The Texas Whiskey Association’s new Texas Whiskey Trail features fifteen craft distilleries in three regions: North Texas, the Hill Country, and the Gulf Coast. The association plans on adding more stops next year
In Kentucky, Tennessee, and, recently, Missouri, state legislatures have passed laws defining what is and is not a state-made whiskey. The TXWA hasn’t yet lobbied the Legislature to take similar action, but Certified Texas Whiskey could end up as a first step toward legal codification.
Such a push would likely face opposition. When I called Mike Cameron, the cofounder of Rebecca Creek, the CEO of Devils River Whiskey, and the president of the Texas Distilled Spirits Association—an industry trade group that represents both grain-to-glass distillers and bottlers—he told me he was worried that a statewide definition would be limiting.
“Do we want to put regulations that are so tight that we can’t have success and growth?” he asked.
Cameron pointed out that the state’s spirits industry is still “evolving,” and, in fact, Texas whiskey remains a niche product. According to Nielsen sales data, there are only two Texas whiskeys among the top-one-hundred-selling bottles of whiskey—not in the world, or even the country, but in Texas—and both of them, TX Blended, from Firestone & Robertson, and Rebecca Creek Spirit Whiskey, are made primarily of spirits that have been distilled in other states. Craft spirits nationwide tripled their market share between 2012 and 2017, but they still constitute less than 5 percent of overall sales. The Texas whiskey industry may be maturing, but there’s much more room to grow.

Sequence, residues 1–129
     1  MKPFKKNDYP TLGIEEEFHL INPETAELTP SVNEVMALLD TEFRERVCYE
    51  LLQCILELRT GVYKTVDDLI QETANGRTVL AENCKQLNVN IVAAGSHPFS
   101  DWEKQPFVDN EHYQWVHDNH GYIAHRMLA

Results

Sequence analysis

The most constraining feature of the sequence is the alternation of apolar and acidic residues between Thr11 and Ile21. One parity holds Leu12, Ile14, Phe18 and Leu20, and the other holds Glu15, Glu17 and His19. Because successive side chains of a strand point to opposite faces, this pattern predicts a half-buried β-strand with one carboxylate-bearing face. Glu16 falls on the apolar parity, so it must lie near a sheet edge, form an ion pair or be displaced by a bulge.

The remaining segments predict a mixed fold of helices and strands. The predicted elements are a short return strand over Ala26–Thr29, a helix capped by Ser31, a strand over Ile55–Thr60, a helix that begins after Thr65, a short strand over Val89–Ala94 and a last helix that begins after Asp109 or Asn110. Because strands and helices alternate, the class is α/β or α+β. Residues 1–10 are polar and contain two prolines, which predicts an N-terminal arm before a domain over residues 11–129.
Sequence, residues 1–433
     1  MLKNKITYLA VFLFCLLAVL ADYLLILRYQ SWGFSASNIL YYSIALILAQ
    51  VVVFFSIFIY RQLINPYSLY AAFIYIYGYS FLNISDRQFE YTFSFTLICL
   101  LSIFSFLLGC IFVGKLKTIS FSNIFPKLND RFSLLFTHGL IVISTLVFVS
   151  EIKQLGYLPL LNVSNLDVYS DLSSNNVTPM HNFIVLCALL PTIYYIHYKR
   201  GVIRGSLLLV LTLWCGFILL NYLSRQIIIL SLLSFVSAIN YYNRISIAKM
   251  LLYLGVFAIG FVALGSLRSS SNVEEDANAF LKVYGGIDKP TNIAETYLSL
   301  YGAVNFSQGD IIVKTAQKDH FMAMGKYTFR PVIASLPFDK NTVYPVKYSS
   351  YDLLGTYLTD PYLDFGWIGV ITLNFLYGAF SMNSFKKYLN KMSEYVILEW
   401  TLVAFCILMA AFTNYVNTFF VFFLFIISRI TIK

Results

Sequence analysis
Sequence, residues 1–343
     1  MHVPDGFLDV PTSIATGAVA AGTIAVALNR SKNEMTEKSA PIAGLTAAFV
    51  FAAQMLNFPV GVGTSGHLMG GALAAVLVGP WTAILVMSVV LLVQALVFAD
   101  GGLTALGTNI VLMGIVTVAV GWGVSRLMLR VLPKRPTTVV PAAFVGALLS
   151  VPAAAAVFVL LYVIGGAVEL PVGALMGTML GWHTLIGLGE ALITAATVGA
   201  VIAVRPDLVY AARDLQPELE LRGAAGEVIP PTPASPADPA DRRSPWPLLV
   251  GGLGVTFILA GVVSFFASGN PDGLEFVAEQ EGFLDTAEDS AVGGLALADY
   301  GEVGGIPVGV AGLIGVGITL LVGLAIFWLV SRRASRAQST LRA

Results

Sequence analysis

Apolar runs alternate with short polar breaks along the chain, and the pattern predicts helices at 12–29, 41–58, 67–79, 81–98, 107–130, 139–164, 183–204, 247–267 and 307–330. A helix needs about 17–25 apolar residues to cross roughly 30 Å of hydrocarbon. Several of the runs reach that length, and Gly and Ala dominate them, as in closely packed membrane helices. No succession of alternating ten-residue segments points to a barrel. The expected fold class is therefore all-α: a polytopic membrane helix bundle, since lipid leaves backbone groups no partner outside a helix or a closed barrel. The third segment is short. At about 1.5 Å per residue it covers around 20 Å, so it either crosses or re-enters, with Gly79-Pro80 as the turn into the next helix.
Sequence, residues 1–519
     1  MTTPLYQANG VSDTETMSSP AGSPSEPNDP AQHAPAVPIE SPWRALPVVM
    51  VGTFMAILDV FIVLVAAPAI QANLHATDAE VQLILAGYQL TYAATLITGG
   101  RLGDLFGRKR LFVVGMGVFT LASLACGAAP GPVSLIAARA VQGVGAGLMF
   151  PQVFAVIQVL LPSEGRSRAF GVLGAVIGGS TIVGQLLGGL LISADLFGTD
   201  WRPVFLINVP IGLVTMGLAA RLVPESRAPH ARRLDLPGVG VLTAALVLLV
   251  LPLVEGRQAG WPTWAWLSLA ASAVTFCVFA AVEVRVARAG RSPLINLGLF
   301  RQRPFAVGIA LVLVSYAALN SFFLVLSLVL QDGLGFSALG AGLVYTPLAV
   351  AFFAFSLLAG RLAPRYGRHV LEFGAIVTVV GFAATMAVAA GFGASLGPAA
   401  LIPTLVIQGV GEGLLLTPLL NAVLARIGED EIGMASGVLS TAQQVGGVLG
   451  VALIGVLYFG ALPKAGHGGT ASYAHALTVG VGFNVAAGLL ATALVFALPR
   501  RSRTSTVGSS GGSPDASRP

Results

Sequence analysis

The TXWAplans to facilitate Texas whiskey into an ever-more desirable brand, and so far the association hasn’t needed new laws to expand its membership and push its Certified Texas Whiskey standards. In early July, Travis Whitmeyer, the cofounder of Houston distillery Whitmeyer’s, told me that the TXWA’s definition had caused him “a little bit of heartburn.” Whitmeyer makes grain-to-glass whiskey with a dedicated local following (new products have been known to sell out in a matter of days) as well as sourced products that he ages and blends at his own facility. He thought these sourced products should qualify as Texas whiskey, but the TXWA did not.
“If I can’t call that Texas whiskey, then my pushback would be, ‘Okay, well, why is Texas whiskey just something that is distilled here? Why don’t you have to source all the grains from here or some percentage of the grains from here?’ ” Whitmeyer asked at the time. “We’re a hundred percent family owned and operated, and just about everybody else that I know that’s around today is either sold out already or they’ve taken on some serious heavy-hitting investors.”
But by September, Whitmeyer had come around and decided to join the TXWA. He would be phasing out the labeling on his sourced products to come into compliance. He saw the benefit of having his distillery as a stop on the trail, and he wanted to be able to influence the industry’s growth. “That’s the big thing,” Whitmeyer said, “having a voice in the group.”